Unemployment and Inflation by gjjur4356


									Unemployment and
 Chapter 8
Why are economists concerned about
unemployment and inflation?

The costs to the economy are large.
Costs of unemployment

1.   Lost production

2.   Increased income inequality
Anatomy of Canadian
1.   Large variations across ages groups and
     across provinces.
2.   Large flows in and out of unemployment
     each month.
3.   Unemployment rate is mostly comprised on
     those unemployed for a long period of time.
The unemployment pool

 The number of unemployed people at any
 point in time.
How does unemployment occur?
There are three ways to move out of the
unemployment pool. What are they?
Changes in unemployment usually lag behind
changes in output.

What are some of the variations in
unemployment across groups and provinces?
Unemployment rate, by province
       January 2010
Newfoundland & Labrador   14.9
PEI                       7.9
Nova Scotia               9.8
New Brunswick             9.3
Quebec                    8.0
Ontario                   9.2
Manitoba                  5.4
Saskatchewan              4.7
Alberta                   6.6
BC                        8.1
Three types of unemployment

1.   Frictional

2.   Structural

3.   Cyclical
Full employment

 The rate of unemployment associated with the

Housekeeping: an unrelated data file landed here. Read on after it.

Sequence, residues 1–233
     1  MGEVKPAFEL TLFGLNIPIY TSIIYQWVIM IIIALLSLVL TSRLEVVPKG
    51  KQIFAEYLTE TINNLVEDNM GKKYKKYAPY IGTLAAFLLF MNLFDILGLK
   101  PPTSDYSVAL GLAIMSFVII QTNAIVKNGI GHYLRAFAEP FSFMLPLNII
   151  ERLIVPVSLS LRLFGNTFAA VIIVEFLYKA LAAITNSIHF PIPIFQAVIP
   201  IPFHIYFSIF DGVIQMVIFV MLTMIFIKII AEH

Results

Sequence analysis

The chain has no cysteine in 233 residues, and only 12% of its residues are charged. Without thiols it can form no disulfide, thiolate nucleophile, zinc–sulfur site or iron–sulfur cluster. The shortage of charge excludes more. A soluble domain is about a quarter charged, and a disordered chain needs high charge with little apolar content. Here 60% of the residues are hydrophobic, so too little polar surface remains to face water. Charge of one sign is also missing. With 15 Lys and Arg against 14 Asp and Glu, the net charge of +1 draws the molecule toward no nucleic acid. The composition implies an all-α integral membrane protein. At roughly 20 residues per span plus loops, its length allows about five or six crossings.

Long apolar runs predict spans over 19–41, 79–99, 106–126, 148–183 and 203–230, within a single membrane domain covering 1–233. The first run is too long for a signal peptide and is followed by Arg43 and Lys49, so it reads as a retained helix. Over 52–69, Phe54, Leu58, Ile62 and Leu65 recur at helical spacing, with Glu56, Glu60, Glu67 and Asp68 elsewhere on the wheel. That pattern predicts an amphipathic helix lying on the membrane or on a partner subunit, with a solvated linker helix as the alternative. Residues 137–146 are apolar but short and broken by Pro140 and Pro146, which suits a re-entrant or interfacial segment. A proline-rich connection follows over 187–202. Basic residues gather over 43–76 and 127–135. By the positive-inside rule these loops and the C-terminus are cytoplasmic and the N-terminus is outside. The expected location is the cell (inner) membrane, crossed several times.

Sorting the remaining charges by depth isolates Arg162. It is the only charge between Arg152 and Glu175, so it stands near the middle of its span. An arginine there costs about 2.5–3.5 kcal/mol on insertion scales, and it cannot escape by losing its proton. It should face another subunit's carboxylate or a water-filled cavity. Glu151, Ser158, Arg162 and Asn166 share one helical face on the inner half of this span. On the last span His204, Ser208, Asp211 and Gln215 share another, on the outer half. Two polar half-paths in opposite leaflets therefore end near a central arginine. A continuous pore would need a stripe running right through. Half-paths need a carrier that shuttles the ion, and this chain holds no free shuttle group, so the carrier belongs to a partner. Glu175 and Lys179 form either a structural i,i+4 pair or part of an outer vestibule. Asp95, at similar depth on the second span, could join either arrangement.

natural rate of unemployment (u*) at which
 cyclical unemployment is zero.
 What determines u*?

1.   Organization of the labour force

2.   Demographics of the labour force

3.   Availability of unemployment benefits
What is hysteresis?

  The phenomenon that when unemployment is
  high, it tends to remain high and fall very
What causes hysteresis?

1.   Unemployed become accustomed to not

2.   Discouraged workers.

3.   Employers hesitate to hire those who have
     been unemployed for a lengthy period.
Does EI influence u*?

1.   EI benefits allow for a longer job search

2.   Reporting effects

3.   Employment stability
The costs of unemployment

   Economic

   Non-economic
Economic costs

   Loss of output

   Okun’s law postulates that a 1% deviation in
    u from u* will result in a 2% deviation in Y
    from Y*.

   Distributional impact
Non-economic costs

   Depression, loss of self-esteem

   Higher incidence of heart attacks, suicide,
    mental health

   Increased racial tensions
Costs of inflation

   Costs of anticipated inflation are small.

   Costs of unanticipated inflation are very small
    but may affect wealth distribution.
Anticipated inflation

   Price level increases at a rate forecasted by all
    economic agents
Unanticipated inflation

   Price level increases at a pace that has been
    incorrectly forecasted by economic agents.
2 minor costs of anticipated
1.   Shoe-leather costs

2.   Menu costs
Cost of unanticipated inflation

  Wealth redistribution from creditors to
Indexation of inflation

   Indexation ties the terms of contracts to
2 types of contracts affected by

1.   Long-term loan contracts

2.   Wage contracts

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